A spot beam ("beam") is a satellite signal that covers only a specific region. The people in your region all share one of these beams. Keeping in mind that satellite internet is limited in overall amount of broadband, and that this broadband is shared among the beams, when more people in a region served by a particular beam are all partaking of the broadband, each person will receive only a portion of that broadband. More people = less broadband for each = congestion/traffic
You can definitely stream using Roku. You can stream using pretty much anything; but again, you have to keep in mind you're using a technology that has limits and that is shared. High traffic times means we all have more difficulty streaming. And yes, 4-10 pm is prime time. Worse during the weekends/holidays when more people are home.
You can do very little about other people in your beam all using the system. How you manage this issue is up to you. I personally use PlayOn Cloud to record stuff I want to watch. I then download the shows during Bonus Bytes (which is 2am-8am), and then watch them whenever I want with no buffering issues.
Users and devices on your home network also affect your ability to stream, for the same reason: the amount of data you have is only so much, and the more people and devices are sharing it, the more congested the system gets (which impacts streaming and makes your data be consumed faster).
Well, again, thanks for your reply.
This is the only thing I can find in the user agreement about it: "HughesNet service is available in the contiguous U.S., Alaska and Puerto Rico. Stated speeds and uninterrupted use of service are not guaranteed. Actual speeds will likely be lower than the maximum speeds during peak hours."
That makes sense. I can accept that. I can accept having a movie stop and buffer sometimes, knowing that it is much more likely to do that at peak times, or if I am using several devices at my location. That seems to be what the statement in the user agreement is referring to.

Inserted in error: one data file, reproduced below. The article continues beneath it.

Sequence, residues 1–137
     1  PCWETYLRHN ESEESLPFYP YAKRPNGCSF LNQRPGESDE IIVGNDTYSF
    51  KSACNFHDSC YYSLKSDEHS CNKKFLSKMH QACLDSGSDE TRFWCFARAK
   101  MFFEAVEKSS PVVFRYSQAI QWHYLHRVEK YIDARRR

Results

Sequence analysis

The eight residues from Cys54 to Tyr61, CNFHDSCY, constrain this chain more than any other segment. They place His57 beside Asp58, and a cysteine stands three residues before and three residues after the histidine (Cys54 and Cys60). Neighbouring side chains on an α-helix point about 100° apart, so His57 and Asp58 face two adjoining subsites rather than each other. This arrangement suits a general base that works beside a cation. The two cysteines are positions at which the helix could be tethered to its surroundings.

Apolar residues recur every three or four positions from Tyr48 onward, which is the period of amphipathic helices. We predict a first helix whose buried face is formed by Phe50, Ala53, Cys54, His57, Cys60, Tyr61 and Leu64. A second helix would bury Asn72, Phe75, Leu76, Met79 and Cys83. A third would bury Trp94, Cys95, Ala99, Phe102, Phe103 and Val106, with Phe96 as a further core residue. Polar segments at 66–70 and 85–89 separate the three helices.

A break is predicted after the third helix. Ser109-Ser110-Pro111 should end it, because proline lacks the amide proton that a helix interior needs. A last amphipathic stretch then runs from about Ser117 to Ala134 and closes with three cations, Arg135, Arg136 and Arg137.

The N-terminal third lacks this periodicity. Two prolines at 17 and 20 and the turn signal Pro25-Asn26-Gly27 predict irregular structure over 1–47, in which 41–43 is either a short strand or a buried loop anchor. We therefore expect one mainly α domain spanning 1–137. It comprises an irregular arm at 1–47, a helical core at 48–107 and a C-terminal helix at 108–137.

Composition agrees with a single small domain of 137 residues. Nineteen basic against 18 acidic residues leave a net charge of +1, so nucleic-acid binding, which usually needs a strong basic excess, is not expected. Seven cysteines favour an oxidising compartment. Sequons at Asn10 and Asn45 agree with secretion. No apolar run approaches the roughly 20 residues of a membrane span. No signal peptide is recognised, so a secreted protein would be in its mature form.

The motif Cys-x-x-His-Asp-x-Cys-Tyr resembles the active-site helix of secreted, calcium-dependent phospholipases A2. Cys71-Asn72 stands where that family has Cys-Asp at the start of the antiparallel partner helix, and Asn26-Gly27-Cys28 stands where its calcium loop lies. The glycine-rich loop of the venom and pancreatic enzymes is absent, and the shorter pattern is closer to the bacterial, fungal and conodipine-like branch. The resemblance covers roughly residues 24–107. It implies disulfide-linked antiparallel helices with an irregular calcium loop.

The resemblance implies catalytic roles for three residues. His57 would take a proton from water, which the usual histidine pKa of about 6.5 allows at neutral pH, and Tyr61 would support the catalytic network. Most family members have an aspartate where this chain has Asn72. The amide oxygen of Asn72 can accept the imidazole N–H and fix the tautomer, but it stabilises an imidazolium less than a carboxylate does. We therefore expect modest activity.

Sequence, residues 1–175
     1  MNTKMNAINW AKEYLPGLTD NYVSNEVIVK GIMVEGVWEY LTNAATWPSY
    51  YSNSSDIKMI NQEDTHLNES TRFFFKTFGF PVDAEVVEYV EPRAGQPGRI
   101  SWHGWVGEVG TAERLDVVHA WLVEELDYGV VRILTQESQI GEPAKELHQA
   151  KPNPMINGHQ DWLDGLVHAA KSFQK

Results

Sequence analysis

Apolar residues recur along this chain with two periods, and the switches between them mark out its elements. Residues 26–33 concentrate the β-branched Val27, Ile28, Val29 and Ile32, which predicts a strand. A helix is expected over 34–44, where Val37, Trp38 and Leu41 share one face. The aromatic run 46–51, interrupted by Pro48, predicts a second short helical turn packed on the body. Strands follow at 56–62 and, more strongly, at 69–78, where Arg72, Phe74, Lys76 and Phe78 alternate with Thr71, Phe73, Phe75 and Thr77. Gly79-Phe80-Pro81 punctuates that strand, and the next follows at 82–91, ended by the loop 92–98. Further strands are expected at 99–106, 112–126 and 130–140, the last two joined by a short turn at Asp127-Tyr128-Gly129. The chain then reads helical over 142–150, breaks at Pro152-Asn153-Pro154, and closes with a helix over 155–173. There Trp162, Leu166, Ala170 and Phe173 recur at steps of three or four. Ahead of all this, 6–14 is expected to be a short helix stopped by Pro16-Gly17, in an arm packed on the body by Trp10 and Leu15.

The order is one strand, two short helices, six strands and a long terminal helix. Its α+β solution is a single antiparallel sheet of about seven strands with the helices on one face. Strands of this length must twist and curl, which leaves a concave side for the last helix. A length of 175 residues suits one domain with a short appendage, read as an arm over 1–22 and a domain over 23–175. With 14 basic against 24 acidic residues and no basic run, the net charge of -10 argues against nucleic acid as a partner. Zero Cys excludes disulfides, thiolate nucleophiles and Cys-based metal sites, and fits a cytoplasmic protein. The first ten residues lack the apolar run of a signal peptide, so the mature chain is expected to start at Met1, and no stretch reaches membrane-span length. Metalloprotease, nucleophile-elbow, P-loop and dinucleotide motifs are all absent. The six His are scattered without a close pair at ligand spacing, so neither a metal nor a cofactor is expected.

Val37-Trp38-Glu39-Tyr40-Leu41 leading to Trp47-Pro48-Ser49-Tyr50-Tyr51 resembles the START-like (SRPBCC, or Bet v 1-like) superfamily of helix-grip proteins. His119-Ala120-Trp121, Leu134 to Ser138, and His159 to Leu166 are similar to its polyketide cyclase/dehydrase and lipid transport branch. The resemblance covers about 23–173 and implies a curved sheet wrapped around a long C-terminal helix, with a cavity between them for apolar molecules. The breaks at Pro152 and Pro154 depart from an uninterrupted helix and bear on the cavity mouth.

What doesn't make sense is how that on several days, complete waking hours from 7 a.m. to 10 p.m., my Roku has stated that there is no connection, zero megabytes available, and there is not enough signal to even sign in to Hulu. Yesterday was one of those days...I could not watch live television at all...all day or evening.
I am not one of those people who demand full-speed all of the time. But, if the sales rep had explained to me that at least every third day or so that I would have zero-streaming ability, for most if not the entire day and evening, then I would not have signed up for this service.
I shouldn't complain to you. You didn't sell it to me. But, you seem to be confirming that what I have experienced the past two weeks is what I can expect for the next two years...little to no live television, particularly in the evenings.
This bit is on the website:
**The HughesNet Gen5 service plans are designed to deliver download speeds of 25 Mbps and upload speeds of 3 Mbps, but individual customers may experience different speeds at different times of the day. Speeds and uninterrupted use are not guaranteed and may vary based on a variety of factors including: the configuration of your computer, the number of concurrent users, network or Internet congestion, the capabilities and content of the websites you are accessing, network management practices as deemed necessary, and other factors. When you connect to the HughesNet service using Wi-Fi, your experience will vary based on your proximity to the Wi-Fi source and the strength of the signal.